Arctic Political Regime
The regional governance of the Arctic takes place in different multilateral settings. The major international forum for Arctic governance is the Arctic Council. The Council was established in 1996 with a mandate to promote cooperation, coordination and interaction among the Arctic States in the fields of sustainable development and environmental protection. Member states of the Arctic Council are all the eight states situated in the Arctic region in addition to the Arctic Indigenous representatives who hold a formal status of Permanent Participants in the Council. Further, the Arctic Council welcomes observers in to the meetings. Observer status in the Council have various non-arctic states, inter-governmental and inter-parliamentary organizations and non-governmental organizations.
Since the mandate of the Arctic Council is strictly bound to environmental issues, there seems to be a void in discourse concerning other issues. The Nordic countries released common proposals for closer foreign and security policy cooperation between the Nordic countries in beginning of the year 2009 in the so called "Stoltenberg report". Further, Barents Euro-Arctic Council deals with various issues concerning the area both in inter-governmental and inter-regional level. Canada and the US made bilateral agreement on Arctic cooperation in 1988 that allows for practical cooperation regarding matters relating to the Northwest Passage despite the disagreement about the status of the passage under applicable international law.
However, contemporary international jurisdictional issues do not fall within the existing Arctic governance regimes, which has led to an establishment of a yet new cooperation regime between the five Arctic Coastal states, Canada, Denmark, Norway, Russia and the US. This party of five met for the first time in Ilulissat, Greenland in May 2008 in Arctic Ocean Conference to discuss the Arctic Ocean and the unresolved issues of maritime safety, environmental protection and potential shipping routes. The conference issued a declaration where the five Arctic Coastal states reassured compliance of existing legal framework without any intention to initiate new international Arctic legislation. The three Arctic states left outside the meeting as well as the Arctic indigenous peoples were not satisfied with the procedure and felt that the issues should have been dealt with either in the Arctic Council or in a meeting where all the Arctic states and peoples could have had a representation.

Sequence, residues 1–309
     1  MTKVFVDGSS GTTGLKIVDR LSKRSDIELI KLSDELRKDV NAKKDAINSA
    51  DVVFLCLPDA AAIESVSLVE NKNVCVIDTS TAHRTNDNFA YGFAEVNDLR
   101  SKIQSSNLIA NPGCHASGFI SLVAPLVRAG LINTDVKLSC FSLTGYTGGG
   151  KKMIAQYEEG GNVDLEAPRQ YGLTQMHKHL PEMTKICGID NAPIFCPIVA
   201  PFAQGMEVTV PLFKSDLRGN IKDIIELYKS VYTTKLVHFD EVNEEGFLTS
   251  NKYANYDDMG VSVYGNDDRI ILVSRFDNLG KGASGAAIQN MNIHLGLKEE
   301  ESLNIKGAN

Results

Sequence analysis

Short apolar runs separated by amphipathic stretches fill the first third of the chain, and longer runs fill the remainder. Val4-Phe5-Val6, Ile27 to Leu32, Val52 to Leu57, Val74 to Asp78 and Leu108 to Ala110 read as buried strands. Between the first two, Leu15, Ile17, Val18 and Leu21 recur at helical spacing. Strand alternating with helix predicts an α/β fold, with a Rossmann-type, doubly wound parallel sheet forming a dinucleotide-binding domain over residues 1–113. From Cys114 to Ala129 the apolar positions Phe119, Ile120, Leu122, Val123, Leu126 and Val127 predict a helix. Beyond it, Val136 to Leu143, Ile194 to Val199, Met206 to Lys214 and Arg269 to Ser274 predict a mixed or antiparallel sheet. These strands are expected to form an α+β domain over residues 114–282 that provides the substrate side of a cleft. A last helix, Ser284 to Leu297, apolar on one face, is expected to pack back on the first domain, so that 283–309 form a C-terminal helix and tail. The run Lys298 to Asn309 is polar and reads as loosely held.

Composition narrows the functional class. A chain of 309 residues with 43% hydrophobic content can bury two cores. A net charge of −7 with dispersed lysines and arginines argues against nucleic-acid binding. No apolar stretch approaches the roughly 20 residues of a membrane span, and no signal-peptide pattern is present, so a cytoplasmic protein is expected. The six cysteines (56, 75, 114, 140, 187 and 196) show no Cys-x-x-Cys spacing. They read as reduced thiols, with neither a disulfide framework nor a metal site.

The Arctic Indigenous Peoples have yet again expressed their discontent for the upcoming meeting of foreign ministers of the five Arctic Ocean coastal states on March 29, 2010, in Chelsea, Quebec and called for an invitation to the meeting. It is clear that if the five coastal states want to strengthen the cooperation and create a permanent forum for Arctic dialogue they have to include the Arctic indigenous peoples somehow into the cooperation. Question is, however, how a forum of this kind will affect the status of the Arctic Council and how the three non-coastal Arctic states, who despite their geographical situation will one way or another be affected by the decisions made in the coastal states meetings, will be taken into consideration.